The easy way to tell is if you have trouble controlling it in pitch and yaw

Jun 24, 2005, 05:34 PM
Registered User
gone fishing
Last edited by FRAMEDNLVS; Aug 04, 2006 at 04:51 PM.
Jun 24, 2005, 06:25 PM
Registered User
Tails on airplanes, are kind of like the tail end of a woman. Some people prefer them to be larger, and others like smaller ones. If it feels good to you than it's right.
Jun 24, 2005, 07:28 PM
Permanently Banned
Larry3215's Avatar
Ok, I was a little short

The rule of thumb, as I remember it, was that the stab/elevator should be roughly 15% of the wing area for a single wing and 20% for a bipe.

Fin/Rudder should be in the range of 10%/15% of wing area.

But every plane is different.

Hi speed patern types or hi efficiency gliders like smaller tail feathers.

Slow flyers or 3D planes like larger tails.

I personally like the higher percentages/larger surfaces on my planes and especially on the 3D models.

Jun 24, 2005, 07:29 PM
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Larry3215's Avatar
Oh yea - one other detail. Smaller tails are more sensitive to balance.

Jun 25, 2005, 04:15 PM
Sussex, UK
RobinBennett's Avatar
> stab/elevator should be roughly 15% of the wing area

Both horizontal stab and fin are about 11% of wing area, so I'll make some a bigger stab and try it. It's a fully moving stab so it should be easy enough to change.

Flying today it had enough authority to hover but always seemed unstable in level flight, even with the CG at the point where it flew inverted much the same as RWU.
Jun 25, 2005, 06:00 PM
Permanently Banned
Larry3215's Avatar
Suposedly, you can use a smaller stab if it is full flying. My experience is that they tend to be more sensitive tho.

Flying today it had enough authority to hover but always seemed unstable in level flight, even with the CG at the point where it flew inverted much the same as RWU.
For most planes, flying equally up-rite and inverted is still on the tail heavy side of pitch stablity. Smaller stabs will make the tail heavyness more noticable.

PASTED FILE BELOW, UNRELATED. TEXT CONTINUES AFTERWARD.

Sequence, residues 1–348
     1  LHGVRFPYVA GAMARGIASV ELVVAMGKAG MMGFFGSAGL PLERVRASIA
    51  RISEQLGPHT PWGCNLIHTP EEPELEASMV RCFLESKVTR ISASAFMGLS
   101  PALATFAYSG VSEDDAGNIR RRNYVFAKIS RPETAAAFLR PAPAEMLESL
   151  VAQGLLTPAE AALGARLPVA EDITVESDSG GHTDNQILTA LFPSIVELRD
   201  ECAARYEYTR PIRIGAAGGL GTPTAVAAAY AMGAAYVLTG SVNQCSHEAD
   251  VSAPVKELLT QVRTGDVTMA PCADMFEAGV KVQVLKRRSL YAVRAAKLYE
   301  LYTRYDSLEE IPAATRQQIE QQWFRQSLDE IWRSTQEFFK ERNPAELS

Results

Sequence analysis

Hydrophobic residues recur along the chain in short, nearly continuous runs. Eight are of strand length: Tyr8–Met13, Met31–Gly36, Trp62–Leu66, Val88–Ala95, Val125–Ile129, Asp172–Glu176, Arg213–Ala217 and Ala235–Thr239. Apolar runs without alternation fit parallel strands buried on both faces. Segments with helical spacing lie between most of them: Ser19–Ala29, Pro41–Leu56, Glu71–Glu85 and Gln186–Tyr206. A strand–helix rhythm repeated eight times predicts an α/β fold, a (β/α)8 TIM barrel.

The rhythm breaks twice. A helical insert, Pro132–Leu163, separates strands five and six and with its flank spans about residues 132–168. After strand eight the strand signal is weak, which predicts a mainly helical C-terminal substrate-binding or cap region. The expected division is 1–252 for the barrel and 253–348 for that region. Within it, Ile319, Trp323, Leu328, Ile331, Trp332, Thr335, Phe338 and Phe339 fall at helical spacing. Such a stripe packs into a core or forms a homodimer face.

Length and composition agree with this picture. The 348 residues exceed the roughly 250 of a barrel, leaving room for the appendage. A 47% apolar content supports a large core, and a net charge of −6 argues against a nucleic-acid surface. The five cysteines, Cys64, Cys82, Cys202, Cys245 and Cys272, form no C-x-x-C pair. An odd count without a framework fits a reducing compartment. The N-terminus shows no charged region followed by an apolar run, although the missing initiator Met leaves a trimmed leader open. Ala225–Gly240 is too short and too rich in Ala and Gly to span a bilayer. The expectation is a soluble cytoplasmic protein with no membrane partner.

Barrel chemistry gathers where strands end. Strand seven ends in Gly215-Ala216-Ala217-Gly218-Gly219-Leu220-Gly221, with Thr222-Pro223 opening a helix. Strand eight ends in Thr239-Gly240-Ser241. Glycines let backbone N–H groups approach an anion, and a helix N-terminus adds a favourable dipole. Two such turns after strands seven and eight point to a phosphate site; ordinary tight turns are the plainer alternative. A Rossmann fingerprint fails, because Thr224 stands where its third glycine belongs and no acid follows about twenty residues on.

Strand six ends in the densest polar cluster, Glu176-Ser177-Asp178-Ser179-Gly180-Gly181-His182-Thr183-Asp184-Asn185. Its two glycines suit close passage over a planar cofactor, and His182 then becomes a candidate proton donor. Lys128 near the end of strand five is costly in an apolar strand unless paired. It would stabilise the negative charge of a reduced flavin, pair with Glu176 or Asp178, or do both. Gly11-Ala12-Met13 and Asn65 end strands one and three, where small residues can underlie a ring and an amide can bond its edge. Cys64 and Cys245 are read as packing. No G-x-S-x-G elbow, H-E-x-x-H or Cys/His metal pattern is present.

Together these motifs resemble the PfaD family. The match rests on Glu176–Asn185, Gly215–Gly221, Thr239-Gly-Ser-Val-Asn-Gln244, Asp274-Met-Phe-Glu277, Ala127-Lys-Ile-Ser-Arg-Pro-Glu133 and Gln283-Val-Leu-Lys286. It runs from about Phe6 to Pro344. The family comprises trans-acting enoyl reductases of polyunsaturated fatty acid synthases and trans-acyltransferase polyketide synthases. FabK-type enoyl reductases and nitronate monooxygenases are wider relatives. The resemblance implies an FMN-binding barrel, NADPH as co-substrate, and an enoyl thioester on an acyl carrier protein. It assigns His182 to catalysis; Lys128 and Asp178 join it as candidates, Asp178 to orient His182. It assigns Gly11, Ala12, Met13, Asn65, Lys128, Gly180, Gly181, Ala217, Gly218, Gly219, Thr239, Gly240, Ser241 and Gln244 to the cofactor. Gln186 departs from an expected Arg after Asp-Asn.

Jun 26, 2005, 09:24 PM
Crash Master
Gene Bond's Avatar
Pitch stability at higher speeds is something I've given up on with a 3D plane, if the cg's set to do everything else easily. I've resigned to moving the cg further forward for windy days, and leaving the hovering and other extreem alpha stuff alone. When the wind is down, I slide the cg back and can fly very slow as well as do all the goodies.
Jun 27, 2005, 06:53 AM
“There’s no place like Foam”
gpw's Avatar
What GeneBond said .....
I've noticed planes with smaller tails (especially stabs ) will do strange things in the air , like sudden changes in attitude .... the smaller the model gets , the more apparent this effect .... I believe that in our scale air , as we know , it takes a bigger wing /lighter weight , bigger ailerons , etc. to effect control at our lower speeds .... the slower the plane the more deflection/surface you need ....
Fer' instance ..... Look at the P-nut scale designs , ample tail surfaces and thay are smooth, stable flyers .... when I scale UP a design , I try to use those parameters for a better (easy ) flying experience .... on these park size Foamies....
If you like smooth , easy flying small planes , make the stab about 20-25% of the wing area and the rudder 18-20% ... that works fine for me (for many years ) ... all flying surfaces are no different as far as stability is concerned , just way more sensitive and less draggy since you're moving the whole surface ....